Standards of care in children's intensive care units come under scrutiny in a new audit report published today by the University of Leeds and the University of Leicester.
The report, commissioned by the Healthcare Quality Improvement Partnership and carried out by the Paediatric Intensive Care Audit Network (PICANet) showed that death rates in children's intensive care units are low and continue to fall. However, there continues to be a higher risk of mortality for children of south Asian origin observed in earlier years.
This national audit also found that only 5 children's intensive care units across Britain and Ireland were staffed with the number of qualified nurses recommended by the Paediatric Intensive Care Society.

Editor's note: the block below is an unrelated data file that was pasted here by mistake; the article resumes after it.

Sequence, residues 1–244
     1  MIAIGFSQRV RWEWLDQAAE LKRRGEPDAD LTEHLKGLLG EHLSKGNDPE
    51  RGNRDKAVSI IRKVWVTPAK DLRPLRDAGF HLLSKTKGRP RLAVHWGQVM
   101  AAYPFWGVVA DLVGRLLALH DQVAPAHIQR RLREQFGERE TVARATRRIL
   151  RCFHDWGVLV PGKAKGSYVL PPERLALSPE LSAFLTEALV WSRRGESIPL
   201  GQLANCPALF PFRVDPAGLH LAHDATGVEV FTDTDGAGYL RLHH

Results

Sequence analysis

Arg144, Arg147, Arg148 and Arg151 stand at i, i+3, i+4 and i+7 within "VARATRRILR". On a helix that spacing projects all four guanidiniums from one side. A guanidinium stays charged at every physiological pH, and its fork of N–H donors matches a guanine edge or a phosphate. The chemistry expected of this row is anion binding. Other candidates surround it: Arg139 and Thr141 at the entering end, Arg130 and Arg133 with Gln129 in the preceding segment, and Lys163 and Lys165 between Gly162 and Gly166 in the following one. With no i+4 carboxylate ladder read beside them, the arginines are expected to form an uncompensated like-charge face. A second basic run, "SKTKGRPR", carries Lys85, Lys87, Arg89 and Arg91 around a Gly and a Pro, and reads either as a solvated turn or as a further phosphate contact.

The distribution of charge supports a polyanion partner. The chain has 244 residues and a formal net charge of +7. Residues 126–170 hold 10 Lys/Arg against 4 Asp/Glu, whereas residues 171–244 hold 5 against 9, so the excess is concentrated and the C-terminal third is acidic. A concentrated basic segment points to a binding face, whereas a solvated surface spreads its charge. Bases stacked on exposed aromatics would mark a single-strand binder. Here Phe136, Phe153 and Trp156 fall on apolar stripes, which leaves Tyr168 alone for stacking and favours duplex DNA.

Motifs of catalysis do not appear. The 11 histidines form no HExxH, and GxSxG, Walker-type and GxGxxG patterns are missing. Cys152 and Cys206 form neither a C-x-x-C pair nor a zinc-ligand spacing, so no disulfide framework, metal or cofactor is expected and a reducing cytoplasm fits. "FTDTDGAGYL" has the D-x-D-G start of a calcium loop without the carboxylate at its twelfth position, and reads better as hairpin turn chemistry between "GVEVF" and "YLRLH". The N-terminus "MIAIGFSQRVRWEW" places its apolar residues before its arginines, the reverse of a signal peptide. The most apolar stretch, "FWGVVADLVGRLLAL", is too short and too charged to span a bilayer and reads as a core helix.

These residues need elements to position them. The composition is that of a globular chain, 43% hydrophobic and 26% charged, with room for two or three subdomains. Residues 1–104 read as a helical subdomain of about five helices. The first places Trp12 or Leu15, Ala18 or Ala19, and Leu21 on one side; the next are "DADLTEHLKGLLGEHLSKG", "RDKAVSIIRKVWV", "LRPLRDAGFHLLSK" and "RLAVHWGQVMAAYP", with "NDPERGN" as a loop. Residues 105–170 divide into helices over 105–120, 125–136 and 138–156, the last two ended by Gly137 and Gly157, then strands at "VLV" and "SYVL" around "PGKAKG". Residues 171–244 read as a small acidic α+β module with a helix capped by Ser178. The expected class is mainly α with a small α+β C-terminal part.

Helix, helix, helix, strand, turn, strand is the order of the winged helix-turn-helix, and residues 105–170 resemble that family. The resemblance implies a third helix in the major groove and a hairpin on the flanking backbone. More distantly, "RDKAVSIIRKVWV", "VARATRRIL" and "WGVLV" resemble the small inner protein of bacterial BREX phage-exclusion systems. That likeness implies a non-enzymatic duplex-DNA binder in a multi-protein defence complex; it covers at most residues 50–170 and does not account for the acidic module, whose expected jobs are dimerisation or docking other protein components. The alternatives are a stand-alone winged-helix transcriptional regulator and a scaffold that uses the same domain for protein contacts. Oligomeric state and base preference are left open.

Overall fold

Professor Elizabeth Draper, co-principal investigator of PICANet from the University of Leicester, commented: "There has been a decline in the number of children's intensive care units meeting the level of nurse staffing specified by their professional body. However, this is set against a low overall mortality rate and evidence that all institutions endeavour to provide the best quality facilities and information for parent and carers."
PICANet collected data from 31 institutions providing paediatric intensive care. They looked at details of over 55,000 admissions to these units of nearly 39,000 individual children aged between 0 and 15 years over a three year period from 2009 to 2011. This included where each child was admitted, their diagnosis and the treatment they received, how long they remained in intensive care and the eventual outcome.